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The Doctor has traveled Universes and still seems to end up with an English / UK companion and befriends mostly humanoid--class entities. Are there any instances that deviate from this scenario?

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Note, of course, that Amy Pond is most definitely not English. – Paul D. Waite Mar 6 '14 at 13:09
Grrr. :P Okay... – Meat Trademark Mar 6 '14 at 13:24
Give it time — it’s only been an hour, and most of America isn’t awake yet. – Paul D. Waite Mar 6 '14 at 13:35
I'm surprised no one has mentioned Peri Brown who was American (though played by British actress Nicola Bryant). – user5651 Mar 19 '14 at 11:11
Or Tegan who was Australian – Nigel Ellis Mar 21 '14 at 8:53
up vote 11 down vote accepted

On the show itself he hasn't if you don't count K9 and Kamelion. In the Doctor Who comic strip, one of his long-running companions was Frobisher, from a shapeshifting race called the Whifferdill; he usually took the form of a penguin, so I don't think that counts as humanoid. The Tardis wikia page on companions also mentions some other "obviously non-human species" in the "non-humans" section, but I think all the ones mentioned besides the Whifferdills would qualify as humanoid.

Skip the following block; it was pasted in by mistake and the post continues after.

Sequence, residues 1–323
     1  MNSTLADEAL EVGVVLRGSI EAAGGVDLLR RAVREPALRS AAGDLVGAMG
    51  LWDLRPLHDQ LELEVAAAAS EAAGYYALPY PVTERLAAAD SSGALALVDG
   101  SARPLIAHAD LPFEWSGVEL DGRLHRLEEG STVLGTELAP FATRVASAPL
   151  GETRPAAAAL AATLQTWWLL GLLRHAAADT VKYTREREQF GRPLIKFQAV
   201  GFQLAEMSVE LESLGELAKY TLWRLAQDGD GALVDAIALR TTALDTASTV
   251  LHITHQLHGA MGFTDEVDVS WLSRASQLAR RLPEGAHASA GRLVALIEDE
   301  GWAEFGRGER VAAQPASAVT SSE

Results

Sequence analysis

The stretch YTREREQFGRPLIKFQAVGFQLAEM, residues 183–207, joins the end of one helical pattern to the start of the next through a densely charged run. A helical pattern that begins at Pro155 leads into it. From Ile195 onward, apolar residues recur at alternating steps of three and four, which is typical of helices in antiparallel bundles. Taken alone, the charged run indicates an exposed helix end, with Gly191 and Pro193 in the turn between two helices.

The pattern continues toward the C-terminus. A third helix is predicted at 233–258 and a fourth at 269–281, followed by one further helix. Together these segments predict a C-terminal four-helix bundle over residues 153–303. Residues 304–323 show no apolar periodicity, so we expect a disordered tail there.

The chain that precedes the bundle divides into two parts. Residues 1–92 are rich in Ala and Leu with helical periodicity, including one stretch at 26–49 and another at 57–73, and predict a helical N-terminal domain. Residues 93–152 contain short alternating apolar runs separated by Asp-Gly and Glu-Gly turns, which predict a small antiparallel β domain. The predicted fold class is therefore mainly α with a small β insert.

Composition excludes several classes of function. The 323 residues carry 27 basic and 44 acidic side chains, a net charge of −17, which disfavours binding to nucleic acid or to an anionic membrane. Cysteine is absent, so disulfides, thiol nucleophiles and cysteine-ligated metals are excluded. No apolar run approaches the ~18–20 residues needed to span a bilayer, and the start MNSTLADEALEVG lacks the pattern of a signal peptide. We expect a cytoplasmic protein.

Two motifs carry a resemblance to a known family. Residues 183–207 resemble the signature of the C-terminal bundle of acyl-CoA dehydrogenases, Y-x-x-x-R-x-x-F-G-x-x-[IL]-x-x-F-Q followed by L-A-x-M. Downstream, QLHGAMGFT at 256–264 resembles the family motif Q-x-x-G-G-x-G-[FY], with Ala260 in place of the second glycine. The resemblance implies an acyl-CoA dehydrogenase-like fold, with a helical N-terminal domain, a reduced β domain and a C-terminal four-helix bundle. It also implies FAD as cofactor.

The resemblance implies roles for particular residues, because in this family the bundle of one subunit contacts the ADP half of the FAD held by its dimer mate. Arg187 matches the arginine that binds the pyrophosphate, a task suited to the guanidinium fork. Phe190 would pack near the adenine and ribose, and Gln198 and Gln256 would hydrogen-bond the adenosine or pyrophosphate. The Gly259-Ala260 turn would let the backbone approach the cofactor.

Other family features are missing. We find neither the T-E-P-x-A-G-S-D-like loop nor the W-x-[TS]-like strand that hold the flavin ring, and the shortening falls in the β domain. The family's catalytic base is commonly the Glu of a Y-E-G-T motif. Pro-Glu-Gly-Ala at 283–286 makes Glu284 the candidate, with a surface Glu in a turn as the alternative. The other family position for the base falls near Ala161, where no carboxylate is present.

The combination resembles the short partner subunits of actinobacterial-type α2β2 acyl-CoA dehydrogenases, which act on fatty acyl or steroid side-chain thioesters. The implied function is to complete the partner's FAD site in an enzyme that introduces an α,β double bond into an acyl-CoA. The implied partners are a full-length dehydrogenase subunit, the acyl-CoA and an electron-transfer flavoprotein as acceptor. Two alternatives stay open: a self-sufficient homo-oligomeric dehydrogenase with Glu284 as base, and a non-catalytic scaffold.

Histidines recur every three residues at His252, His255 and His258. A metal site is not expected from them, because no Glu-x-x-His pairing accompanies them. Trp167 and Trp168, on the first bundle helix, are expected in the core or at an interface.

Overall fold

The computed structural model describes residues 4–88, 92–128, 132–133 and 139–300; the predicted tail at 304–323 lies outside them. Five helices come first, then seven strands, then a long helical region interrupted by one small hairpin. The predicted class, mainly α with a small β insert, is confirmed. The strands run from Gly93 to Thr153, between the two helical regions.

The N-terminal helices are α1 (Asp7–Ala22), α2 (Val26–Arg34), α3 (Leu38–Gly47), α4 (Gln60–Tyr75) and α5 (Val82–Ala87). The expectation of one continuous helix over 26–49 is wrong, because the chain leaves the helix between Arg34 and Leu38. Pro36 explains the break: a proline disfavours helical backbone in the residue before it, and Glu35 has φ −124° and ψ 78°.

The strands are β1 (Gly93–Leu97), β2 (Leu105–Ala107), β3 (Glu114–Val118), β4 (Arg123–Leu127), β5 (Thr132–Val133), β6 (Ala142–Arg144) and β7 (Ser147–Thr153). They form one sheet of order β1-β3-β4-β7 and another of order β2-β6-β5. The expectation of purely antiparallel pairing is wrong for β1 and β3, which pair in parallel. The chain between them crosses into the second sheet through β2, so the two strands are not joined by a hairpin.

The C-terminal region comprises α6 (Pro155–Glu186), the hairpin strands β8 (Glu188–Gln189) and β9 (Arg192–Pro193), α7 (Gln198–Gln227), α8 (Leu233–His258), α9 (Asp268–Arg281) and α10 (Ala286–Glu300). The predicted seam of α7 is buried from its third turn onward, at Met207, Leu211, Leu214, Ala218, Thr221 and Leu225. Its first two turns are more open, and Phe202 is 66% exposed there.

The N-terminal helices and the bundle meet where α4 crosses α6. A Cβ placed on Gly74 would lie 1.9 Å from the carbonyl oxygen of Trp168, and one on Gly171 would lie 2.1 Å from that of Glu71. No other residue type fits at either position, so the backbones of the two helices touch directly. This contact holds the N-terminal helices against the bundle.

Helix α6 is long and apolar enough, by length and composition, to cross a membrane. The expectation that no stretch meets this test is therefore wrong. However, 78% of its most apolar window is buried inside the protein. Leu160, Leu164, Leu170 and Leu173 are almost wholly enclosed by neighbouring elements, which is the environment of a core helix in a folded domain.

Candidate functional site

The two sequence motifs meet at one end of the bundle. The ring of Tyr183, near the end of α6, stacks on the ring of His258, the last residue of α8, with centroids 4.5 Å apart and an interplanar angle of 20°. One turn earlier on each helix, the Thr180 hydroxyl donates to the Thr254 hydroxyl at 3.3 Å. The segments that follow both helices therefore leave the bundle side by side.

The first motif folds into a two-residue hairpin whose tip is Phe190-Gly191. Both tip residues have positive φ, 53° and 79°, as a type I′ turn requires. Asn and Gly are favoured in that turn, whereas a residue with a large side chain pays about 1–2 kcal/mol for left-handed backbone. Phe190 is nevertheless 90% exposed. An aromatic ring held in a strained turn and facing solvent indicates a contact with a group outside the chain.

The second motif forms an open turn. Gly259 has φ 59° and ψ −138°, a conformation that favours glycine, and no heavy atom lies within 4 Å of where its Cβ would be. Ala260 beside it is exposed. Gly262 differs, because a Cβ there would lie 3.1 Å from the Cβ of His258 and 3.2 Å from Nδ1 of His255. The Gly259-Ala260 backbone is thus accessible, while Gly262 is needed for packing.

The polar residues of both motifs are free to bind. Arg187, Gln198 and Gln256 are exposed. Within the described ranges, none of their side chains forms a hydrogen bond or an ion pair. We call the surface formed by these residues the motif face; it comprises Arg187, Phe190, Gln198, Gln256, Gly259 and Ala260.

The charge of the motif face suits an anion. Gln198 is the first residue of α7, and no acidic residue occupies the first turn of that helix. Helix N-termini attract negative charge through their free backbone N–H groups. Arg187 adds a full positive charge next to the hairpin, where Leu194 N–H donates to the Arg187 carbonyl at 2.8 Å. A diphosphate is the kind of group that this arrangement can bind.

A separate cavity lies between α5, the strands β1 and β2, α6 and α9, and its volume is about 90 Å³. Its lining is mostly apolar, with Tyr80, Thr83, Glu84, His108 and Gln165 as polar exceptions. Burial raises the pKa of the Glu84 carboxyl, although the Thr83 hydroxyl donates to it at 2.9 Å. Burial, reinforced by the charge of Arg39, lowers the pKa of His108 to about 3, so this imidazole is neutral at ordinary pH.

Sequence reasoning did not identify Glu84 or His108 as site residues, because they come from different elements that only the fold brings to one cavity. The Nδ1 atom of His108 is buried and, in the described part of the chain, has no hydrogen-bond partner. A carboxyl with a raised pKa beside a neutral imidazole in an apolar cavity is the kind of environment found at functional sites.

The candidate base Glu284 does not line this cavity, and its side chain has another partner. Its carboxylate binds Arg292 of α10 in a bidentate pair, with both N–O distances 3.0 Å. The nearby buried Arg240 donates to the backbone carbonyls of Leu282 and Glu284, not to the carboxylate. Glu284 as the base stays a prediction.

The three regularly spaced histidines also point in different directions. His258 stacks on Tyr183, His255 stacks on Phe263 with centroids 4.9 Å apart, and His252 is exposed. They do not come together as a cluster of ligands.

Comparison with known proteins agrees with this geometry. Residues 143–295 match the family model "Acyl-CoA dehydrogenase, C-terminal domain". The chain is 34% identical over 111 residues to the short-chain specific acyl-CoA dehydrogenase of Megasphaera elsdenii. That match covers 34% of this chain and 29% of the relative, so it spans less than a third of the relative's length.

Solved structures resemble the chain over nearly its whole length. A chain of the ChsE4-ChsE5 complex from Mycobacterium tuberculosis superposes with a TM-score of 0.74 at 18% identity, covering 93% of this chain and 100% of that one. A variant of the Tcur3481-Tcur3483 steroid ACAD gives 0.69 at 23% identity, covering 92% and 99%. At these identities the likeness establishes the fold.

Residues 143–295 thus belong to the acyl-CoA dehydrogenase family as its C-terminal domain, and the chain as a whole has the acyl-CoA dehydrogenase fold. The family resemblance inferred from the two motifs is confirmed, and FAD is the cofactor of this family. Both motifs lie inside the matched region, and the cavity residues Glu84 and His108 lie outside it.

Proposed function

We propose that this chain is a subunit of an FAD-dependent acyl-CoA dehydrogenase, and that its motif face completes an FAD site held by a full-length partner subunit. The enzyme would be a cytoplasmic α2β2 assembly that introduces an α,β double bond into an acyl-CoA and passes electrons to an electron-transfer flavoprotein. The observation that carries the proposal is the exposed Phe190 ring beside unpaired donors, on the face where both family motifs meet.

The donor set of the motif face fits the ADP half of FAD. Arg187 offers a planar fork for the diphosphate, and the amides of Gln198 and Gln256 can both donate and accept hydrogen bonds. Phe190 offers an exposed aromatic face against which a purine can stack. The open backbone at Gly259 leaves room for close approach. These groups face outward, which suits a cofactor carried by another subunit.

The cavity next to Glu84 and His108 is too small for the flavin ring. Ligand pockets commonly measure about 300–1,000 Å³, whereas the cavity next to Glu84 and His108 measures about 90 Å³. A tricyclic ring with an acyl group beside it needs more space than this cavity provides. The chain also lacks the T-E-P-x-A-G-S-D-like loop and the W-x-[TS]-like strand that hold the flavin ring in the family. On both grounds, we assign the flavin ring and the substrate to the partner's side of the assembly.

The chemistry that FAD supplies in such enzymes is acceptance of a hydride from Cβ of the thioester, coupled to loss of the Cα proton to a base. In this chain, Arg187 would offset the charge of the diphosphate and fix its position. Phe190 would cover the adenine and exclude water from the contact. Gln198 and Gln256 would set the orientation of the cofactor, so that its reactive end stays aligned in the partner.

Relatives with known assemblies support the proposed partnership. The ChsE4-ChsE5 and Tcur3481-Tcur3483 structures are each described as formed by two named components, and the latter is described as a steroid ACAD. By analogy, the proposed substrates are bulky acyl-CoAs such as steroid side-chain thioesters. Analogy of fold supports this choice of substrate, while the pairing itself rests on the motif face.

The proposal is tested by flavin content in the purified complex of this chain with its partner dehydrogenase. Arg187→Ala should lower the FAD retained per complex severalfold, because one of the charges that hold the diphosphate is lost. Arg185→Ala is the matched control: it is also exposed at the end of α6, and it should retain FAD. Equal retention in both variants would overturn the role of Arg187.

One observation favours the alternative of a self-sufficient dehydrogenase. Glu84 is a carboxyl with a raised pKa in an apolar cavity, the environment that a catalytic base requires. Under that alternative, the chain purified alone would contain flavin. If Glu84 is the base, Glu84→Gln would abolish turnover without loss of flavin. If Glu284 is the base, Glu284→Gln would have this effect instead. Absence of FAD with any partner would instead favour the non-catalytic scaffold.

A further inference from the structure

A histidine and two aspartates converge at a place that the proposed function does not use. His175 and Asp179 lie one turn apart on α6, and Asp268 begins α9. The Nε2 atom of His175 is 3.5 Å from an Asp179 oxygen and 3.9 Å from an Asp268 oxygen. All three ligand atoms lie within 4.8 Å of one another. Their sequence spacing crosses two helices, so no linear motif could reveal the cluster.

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I suppose that's valid enough because I didn't specify a canon. – Meat Trademark Mar 6 '14 at 16:48

He does seem to have a preference for Humans

In fact, its what got him stranded here for a time. However, it isn't an exclusive one. At least not in the entirety of the series. Since the reboot, his companions have been human and typically from somewhere or somewhen around the British Isles / United Kingdom. This gets a little grey if you include Vastra and Strax as companions since they are clearly not from around here.

If you go back to the First Doctor and start counting, there have been many companions not from this Earth:

  • Susan Foreman, Gallifreyan
  • K9, Robot Dog
  • Romana, Gallifreyan / Time Lady
  • Adric from the E-Space planet Alzarius
  • Nyssa from the planet Traken
  • Turlough, a political prisoner from the planet Trion
  • Kamelion, a shape-changing sentient robot

Some on that list may be "human" but just not born here - the Whoverse is a little fuzzy about the whole notion of why most aliens are bipeds who speak English, though many of them are simply humans who have ventured into space. Adric and Nyssa may or may not be on that list. I intentionally left out Leela, as a member of the Sevateem she's almost certainly got ancestry here. Also Jack Harkness, as he is from Boeshan Peninsula, a future human colony.

For non-humanoids entirely, the list is whittled down to K9 and (depending on her shape), Kamelion.

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Actually speaks English is covered. The Tardis translates for anyone who travels in it. – Tim B Mar 6 '14 at 16:35